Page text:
Four Faculty Members Receive Summer Research Grants

Kyoko Omori
Kyoko Omori
Four Hamilton faculty members have received awards to conduct research work during the summer. Associate Professor of Sociology Steve Ellingson and Associate Professor of Economics Julio Videras and were each awarded a Class of 1963 Faculty Fellowship. Assistant Professor of Biology Wei-Jen Chang and Assistant Professor of Japanese Kyoko Omori each received a Class of 1966 Career Development Award.

Ellingson plans to use his Fellowship to study sociological literature on the environment and redesign a new 200-level writing intensive environmental sociology course. He also plans to redesign his Research Methods course so that the environment is the focus of student research projects. Ellingson's new course, tentatively titled "Culture, Power and the Environment," will examine the complex social processes through which collectivities construct and contest environmental problems and their solutions. 

The course will be organized around a series of extended case studies of some of the most pressing environmental issues facing the world including global warming and energy and toxins and environmental health. The class will examine how competing organizations and interests struggle to define and take ownership of each issue, how power and structures of domination influence flights over the environment and how culture is mobilized to raise consciousness and encourage action on the part of important audiences.

Videras plans to study the computer-based tool, Geographic Information Systems (GIS). GIS links data to geographical locations and can superimpose multiple layers of different data for the same location. GIS technology provides a powerful visual representation of social and economic data. For example, information about cases of acute respiratory illnesses can be linked to data about concentration of air pollutants, age distribution of the population and geographical features.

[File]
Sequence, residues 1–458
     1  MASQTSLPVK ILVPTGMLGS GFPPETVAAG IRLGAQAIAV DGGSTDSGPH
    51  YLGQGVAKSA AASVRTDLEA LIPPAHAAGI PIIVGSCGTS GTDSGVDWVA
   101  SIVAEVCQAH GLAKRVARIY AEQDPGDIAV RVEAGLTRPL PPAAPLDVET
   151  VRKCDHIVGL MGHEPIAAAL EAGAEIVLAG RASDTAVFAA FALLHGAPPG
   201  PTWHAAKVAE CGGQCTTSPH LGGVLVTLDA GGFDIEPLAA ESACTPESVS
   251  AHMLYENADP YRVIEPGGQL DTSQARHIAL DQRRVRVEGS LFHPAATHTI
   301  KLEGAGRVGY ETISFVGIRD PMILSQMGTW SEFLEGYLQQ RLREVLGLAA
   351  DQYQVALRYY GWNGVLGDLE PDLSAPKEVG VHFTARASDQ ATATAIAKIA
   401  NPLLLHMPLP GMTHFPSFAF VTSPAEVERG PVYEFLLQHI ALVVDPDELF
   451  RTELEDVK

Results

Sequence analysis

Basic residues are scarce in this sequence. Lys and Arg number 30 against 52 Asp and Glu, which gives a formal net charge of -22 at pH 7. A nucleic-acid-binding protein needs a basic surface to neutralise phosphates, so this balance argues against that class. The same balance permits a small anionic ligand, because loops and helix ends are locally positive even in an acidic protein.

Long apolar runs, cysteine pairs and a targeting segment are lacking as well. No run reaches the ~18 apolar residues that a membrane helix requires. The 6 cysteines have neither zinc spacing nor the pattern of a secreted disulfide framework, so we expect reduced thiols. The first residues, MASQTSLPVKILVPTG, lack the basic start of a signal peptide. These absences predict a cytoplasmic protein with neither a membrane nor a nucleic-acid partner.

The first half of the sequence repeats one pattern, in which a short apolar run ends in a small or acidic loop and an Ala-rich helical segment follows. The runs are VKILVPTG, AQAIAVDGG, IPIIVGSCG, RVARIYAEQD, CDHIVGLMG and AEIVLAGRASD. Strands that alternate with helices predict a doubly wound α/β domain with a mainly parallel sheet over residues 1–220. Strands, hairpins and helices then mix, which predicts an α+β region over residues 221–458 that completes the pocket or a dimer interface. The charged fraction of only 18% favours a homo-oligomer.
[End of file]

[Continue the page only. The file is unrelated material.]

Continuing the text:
This type of multi-layered analysis is of great value to policy-makers and social scientists. Videras plans to incorporate GIS-generated maps into his Microeconomics and Social Economics classes. For example, he will use GIS-generated maps to show how the distribution of income overlaps with the ethnic/racial composition of different geographic units such as states, counties and zip codes. He hopes to illustrate the significant and severe income disparities across racial/ethnic groups in Oneida County.

Chang will use his award to develop a semester-long lab module serving student enrolled in Introductory Biology. He proposes to build a semester-long, inquiry-based learning lab module that includes both conceptual and skill training for performing research on ecology, genomics and evolutionary biology. He specifically plans to create a series of experiments that would allow students to investigate ecological and conservational question at a molecular level. That connects with Hamilton biology department's Utica Marsh module.

Omori plans to use her grant to study film theory and criticism in Japanese film and acquire additional materials to expand Hamilton's collection of Japanese film. A scholar of Japanese modernist literature of the 1920s, Omori has expanded her scope from analysis of literature and magazine culture to a wider examination of interactions across media between film and literature. She plans to study film theory and acquire knowledge about technology, forms and cinematography. Omori plans to develop a new course on Japanese film to be offered in 2009-10.
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